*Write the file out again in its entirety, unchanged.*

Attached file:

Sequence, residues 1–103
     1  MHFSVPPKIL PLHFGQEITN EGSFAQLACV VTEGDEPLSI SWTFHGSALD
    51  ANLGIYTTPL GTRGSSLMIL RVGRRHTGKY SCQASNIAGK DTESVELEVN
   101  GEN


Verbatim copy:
Sequence, residues 1–103
     1  MHFSVPPKIL PLHFGQEITN EGSFAQLACV VTEGDEPLSI SWTFHGSALD
    51  ANLGIYTTPL GTRGSSLMIL RVGRRHTGKY SCQASNIAGK DTESVELEVN
   101  GEN